The ideal quality of the original Somerset Cheddar was described by Joseph Harding in 1864 as "close and firm in texture, yet mellow in character or quality; it is rich with a tendency to melt in the mouth, the flavour full and fine, approaching to that of a hazelnut".[19]

Cheddar, made in the classical way, tends to have a sharp, pungent flavour, often slightly earthy. Its texture is firm, with farmhouse traditional Cheddar being slightly crumbly; it should also, if mature, contain large crystals of calcium lactate – often precipitated when matured for times longer than six months.[20] Real Cheddar is never "soapy", in texture or mouthfeel, and tends to be more brittle than other types of cheeses.

Cheddar is usually a deep to pale yellow (off-white) colour, but food colourings are sometimes used in industrial varieties of Cheddar style cheeses. One commonly used example is annatto, extracted from seeds of the tropical achiote tree. The largest producer of industrial Cheddar style cheese in the United States, Kraft, uses a combination of annatto and oleoresin paprika, an extract of the lipophilic (oily) portion of paprika.[21] Coloured Cheddar-style cheese has long been sold, but even as early as 1860, the real reason for this was unclear: Joseph Harding stated "to the cheese consumers of London who prefer an adulterated food to that which is pure I have to announce an improvement in the annatto with which they compel the cheesemakers to colour the cheese".[22] According to David Feldman, an author of trivia books, "The only reason why cheesemakers colour their product is because consumers seem to prefer it".[21]

Cheddar cheese was sometimes (and still can be found) packaged in black wax, but was more commonly packaged in larded cloth, which was impermeable to contaminants, but still allowed the cheese to "breathe", although this practice is now limited to artisan cheese makers.

The Slow Food Movement has created a Cheddar Presidium,[23] claiming that only three cheeses should be called "Cheddar". Their specifications, which go further than the West Country farmhouse Cheddar Protected Designation of Origin (PDO), require that Cheddar cheese be made in Somerset and with traditional methods, such as using raw milk, traditional animal rennet, and a cloth wrapping.[24]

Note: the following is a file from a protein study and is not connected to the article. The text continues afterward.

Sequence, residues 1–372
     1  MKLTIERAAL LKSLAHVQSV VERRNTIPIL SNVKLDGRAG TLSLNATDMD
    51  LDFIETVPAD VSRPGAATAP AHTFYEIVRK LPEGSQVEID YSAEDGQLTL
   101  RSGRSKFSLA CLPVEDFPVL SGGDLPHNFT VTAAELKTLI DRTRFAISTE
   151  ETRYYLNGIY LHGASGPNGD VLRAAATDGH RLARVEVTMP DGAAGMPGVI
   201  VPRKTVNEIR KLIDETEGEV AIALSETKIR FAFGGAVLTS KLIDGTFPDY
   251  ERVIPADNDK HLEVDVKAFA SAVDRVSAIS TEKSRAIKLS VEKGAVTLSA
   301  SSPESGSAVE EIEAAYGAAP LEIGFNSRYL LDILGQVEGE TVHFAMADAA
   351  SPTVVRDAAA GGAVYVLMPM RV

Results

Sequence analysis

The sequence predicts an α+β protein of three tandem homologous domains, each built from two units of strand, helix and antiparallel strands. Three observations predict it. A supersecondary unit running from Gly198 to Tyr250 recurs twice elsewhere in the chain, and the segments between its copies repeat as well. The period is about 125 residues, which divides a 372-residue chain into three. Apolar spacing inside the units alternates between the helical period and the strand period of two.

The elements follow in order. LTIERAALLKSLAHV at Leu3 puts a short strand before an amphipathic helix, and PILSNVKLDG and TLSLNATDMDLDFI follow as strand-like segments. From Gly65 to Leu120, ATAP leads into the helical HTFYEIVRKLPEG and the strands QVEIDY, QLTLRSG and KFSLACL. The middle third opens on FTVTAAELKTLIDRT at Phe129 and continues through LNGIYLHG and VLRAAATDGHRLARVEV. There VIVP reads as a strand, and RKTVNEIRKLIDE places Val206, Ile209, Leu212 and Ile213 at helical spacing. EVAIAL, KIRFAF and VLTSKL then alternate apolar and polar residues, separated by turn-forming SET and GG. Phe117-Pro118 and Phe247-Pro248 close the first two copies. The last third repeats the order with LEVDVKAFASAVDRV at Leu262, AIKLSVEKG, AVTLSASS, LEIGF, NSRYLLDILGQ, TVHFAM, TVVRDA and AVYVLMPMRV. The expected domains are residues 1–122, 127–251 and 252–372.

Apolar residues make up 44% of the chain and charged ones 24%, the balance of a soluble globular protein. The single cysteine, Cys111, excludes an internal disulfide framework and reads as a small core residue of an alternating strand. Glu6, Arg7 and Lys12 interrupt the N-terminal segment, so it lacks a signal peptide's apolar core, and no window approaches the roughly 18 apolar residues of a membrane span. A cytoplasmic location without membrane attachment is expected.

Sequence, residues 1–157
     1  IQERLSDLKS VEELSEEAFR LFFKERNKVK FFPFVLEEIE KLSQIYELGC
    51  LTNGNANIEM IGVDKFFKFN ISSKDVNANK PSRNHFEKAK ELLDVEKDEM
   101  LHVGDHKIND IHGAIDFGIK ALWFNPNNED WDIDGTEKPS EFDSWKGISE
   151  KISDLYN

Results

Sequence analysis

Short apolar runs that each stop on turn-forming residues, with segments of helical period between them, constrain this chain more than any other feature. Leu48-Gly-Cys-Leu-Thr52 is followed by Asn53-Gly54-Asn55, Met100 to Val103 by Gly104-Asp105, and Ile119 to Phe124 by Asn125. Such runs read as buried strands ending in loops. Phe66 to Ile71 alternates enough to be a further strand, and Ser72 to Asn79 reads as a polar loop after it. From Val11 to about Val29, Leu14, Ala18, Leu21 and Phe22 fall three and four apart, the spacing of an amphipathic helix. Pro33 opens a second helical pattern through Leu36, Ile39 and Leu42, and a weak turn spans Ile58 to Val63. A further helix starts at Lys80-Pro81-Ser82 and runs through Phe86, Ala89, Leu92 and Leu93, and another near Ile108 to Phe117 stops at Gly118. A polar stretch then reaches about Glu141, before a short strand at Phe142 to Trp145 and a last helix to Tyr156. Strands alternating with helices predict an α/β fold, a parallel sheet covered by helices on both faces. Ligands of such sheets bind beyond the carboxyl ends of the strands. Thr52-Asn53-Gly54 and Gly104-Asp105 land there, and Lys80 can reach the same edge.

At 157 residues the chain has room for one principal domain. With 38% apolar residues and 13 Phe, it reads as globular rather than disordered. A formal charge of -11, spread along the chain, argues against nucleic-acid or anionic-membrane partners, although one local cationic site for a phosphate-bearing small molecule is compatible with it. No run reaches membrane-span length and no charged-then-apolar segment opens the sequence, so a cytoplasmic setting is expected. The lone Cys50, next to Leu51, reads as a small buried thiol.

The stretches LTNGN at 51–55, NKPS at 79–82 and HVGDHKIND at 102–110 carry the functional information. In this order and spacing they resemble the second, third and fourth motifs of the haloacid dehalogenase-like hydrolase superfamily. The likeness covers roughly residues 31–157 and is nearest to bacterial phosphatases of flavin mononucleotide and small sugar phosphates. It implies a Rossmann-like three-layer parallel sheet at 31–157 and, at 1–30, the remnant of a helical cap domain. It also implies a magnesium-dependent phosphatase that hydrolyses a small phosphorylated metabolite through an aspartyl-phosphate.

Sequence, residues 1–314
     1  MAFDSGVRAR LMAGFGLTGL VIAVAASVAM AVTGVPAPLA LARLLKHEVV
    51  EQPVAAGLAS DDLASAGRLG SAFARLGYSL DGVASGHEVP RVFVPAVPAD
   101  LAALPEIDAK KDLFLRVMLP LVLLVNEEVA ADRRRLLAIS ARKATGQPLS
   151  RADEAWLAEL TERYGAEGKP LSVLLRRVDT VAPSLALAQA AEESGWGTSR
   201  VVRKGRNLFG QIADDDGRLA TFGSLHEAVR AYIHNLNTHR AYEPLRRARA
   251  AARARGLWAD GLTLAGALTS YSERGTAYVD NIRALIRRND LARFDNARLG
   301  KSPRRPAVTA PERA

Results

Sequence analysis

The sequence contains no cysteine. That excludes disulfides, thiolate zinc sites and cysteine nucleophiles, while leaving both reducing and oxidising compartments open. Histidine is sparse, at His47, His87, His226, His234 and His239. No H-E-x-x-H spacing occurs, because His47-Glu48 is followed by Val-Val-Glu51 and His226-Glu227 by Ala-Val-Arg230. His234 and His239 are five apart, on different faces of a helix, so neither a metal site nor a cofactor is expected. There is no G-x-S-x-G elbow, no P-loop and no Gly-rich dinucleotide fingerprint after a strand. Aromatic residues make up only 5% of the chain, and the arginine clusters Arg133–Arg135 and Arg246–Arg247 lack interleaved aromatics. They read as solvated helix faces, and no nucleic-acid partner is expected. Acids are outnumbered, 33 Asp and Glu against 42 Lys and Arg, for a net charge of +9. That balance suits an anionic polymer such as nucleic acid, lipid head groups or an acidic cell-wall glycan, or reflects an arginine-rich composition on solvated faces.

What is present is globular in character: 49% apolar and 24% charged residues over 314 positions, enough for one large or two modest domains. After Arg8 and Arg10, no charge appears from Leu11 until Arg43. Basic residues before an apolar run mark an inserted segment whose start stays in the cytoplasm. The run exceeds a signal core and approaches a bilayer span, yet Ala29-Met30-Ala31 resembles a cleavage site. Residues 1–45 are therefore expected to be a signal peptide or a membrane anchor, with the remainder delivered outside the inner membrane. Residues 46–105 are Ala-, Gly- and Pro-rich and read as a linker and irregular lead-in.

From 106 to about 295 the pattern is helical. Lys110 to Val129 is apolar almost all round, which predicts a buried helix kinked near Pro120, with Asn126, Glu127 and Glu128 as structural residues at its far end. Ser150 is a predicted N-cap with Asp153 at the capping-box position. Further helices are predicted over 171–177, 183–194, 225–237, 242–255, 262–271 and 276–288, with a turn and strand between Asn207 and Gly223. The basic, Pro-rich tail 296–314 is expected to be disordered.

Notable Cheddar cheeses include "Quickes", which in 2009 was awarded cheese of the year by the British Cheese Association, "Keen's", with a strong tang, "Montgomery's", with an apple after taste. An example of a cheese, made in the style of a traditional Cheddar in Lincolnshire is Lincolnshire Poacher.

International production

Status

Cheddar cheese is used internationally; its name does not have a protected designation of origin (PDO). Producing countries include Australia, Belgium, Canada, Ireland, the Netherlands, New Zealand, South Africa, Sweden, the United Kingdom, and the United States. Cheddars can be industrial or artisan cheeses. The flavour of industrial cheese varies significantly, and food packaging will usually indicate a strength, such as mild, medium, strong, tasty, sharp, extra sharp, mature, old, or vintage; this may indicate the maturation period, or food additives used to enhance the flavour. Artisan varieties develop strong and diverse flavours over time.

New Zealand

Much of the Cheddar in New Zealand is factory-produced but reportedly good quality. Most of it is sold young within the country. The Anchor dairy company ships New Zealand Cheddars to the UK, where it matures for another year or so.[25]

United Kingdom

PDO logo can be displayed on any approved West Country Farmhouse Cheddar cheese
The four English counties in the PDO

Only one producer of the cheese is now based in Cheddar itself, The Cheddar Gorge Cheese Co.[26] The name "Cheddar" is not protected by the European Union, though the name "West Country Farmhouse Cheddar" has an EU Protected Designation of Origin, and may only be produced in Somerset, Devon, Dorset, and Cornwall, using milk sourced from those counties.[27]

United States